• Dizziness/weakness,
      • Chest pain
      • Changes in Levels of Consciousness (LOC)
    • Assess blood pressure, using at least 2 different methods, to verify low blood pressure. Methods such as: appropriately functioning arterial line, automatic blood pressure cuff, and manual blood pressure cuff.

Primary drugs for the treatment of Bradycardia

If unstable or if a patient becomes symptomatic with their bradycardia, the following are drugs that you may see:

  • Atropine (ACLS)
  • Epinephrine (ACLS)
  • Dopamine
  • Other treatments include:
    • Temporary or permanent pacemakers
    • Coughing (can help increase HR)
    • Increasing physical activity
  • Sinus Tachycardia (ST):
    • Definition: A regular, but rapid, rhythm with impulse initiation from the SA node and a rate above 100 beats per minute that rarely exceeds 150 beats per minute (which is a whole other issue).

What does sinus tachycardia look like?

Sinus Tachycardia


Note: Notice that p-waves are still visible and that the rate and rhythm is consistent. The QRS is still narrow. Widened QRS complexes and increased rates can lead to wide-complex v-tach, which is a more serious arrhythmia.

Why does Sinus Tachycardia happen?

  • Tachycardia is one of those Rhythms that can come from a lot of different origins. Tachycardia can be the result of:
    • Physical exertion
    • Anxiety
    • Pain
    • Pulmonary embolisms
    • Fever/infection
    • Poor perfusion/oxygenation
    • Intake of:
      • Caffeine
      • Pharmaceutical drugs
      • Recreational drugs

What’s important to know about sinus tachycardia?

Like sinus bradycardia, sinus tachycardia can be less serious and non-life threatening if it is controlled and adequate perfusion is taking place.

Tachycardia can cause symptoms such as:

  • Hypotension
  • Dizziness
  • Chest pain 
  • Shortness of Breath (SOB)
  • Palpitations
  • Heart Failure

It’s important to assess the cause of tachycardia. Ask yourself questions like:

  • Does the tachycardia only happen when the patient moves or is walking?
  • Does it happen when they turn themselves in the bed?
  • How long does it take for the patient’s rate to slow when they are still?
  • Does it happen when they are sitting still or sleeping?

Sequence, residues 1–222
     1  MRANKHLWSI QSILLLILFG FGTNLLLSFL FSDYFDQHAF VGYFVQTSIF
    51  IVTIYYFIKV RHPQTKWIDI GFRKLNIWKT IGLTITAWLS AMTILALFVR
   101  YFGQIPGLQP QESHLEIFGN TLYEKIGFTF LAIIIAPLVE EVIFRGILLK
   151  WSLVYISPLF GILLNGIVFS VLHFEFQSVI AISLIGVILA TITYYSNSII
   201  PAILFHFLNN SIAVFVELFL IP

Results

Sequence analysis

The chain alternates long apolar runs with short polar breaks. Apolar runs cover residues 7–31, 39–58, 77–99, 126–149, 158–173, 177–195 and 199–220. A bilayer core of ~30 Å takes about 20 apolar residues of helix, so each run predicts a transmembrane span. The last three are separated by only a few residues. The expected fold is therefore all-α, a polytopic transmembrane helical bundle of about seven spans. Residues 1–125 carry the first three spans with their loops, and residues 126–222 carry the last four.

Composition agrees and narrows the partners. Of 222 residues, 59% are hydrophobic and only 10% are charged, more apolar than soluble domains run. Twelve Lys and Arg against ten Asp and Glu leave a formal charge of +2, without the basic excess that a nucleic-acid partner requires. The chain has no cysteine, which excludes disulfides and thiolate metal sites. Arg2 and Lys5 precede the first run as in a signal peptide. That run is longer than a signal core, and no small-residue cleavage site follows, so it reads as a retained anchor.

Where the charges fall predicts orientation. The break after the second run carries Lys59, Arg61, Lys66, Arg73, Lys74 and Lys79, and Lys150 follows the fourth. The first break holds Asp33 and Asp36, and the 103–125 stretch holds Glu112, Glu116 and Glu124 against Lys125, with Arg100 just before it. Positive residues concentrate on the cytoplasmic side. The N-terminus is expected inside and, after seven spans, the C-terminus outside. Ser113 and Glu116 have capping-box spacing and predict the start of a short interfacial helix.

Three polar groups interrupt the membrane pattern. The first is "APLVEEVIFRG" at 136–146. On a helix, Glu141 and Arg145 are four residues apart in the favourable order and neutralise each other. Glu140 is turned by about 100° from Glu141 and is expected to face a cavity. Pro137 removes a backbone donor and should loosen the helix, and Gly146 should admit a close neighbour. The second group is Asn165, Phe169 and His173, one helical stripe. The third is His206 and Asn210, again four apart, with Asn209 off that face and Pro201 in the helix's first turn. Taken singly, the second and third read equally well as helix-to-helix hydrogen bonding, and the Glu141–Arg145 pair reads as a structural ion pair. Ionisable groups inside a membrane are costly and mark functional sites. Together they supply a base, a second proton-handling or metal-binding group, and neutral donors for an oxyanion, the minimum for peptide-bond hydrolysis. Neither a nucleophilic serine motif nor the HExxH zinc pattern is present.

Assessing the trend of tachycardia is also important. Know if a patient’s rate has been trending up and if they become symptomatic.

Primary drugs and treatments: Beta-Blockers (drugs that end in -lol) and calcium channel blockers are two of the primary medications you may see in the treatment of tachycardia. Many times, if stable, some providers may choose to hold off on pharmacological treatment until it is warranted. For anxiety-induced tachycardia, removing the stressor and remaining calm helps.

Sustained rates above 120 beats per minute should especially be monitored and reported to a physician or advanced practice provider.

Nursing Tidbits:

  • Remember that if you can learn to recognize NSR, you will be able to identify when the heart rhythm is altered or abnormal and bring it to the attention of another, more experienced, nurse, physician, or advanced practice provider.
  • I still keep a small badge card on my badge that gives a rundown of 12 lead EKG/ECG interpretation. It has always helped me have a reference point to rule out and compare/contrast my EKG/ECG measurements and interpretations. Check out my must-have badge goodies and gadgets post! Below are 2 EKG Badge cards I suggest.
  • Always partner ECG/EKG interpretation with vital signs and physical assessment.
  • If NSR can’t be achieved, then keeping a patient as close to this rhythm as possible, such as a controlled sinus tachycardia or sinus bradycardia, should be the goal.



Coviello, J. S. (2017). ECG interpretation made incredibly easy!: Pocket guide (3rd ed.). Philadelphia: Wolters Kluwer.

Terry, C. L., & Weaver, A. L. (2011). Critical care nursing demystified. New York: McGraw Hill Medical. : EKG. (n.d.). Retrieved from

Written by:

IMG_2861 (1)

Patrick McMurray of PatMacRN is a full-time critical and intermediate care nurse at Level I academic trauma center. In his spare time, Patrick enjoys reading, traveling, and improving his French language skills.


Join the BossRN Family

Subscribe to become part of the family. Get information on great deals, free information, and invites to cool events.

Unsubscribe at any time. Powered by ConvertKit
%d bloggers like this: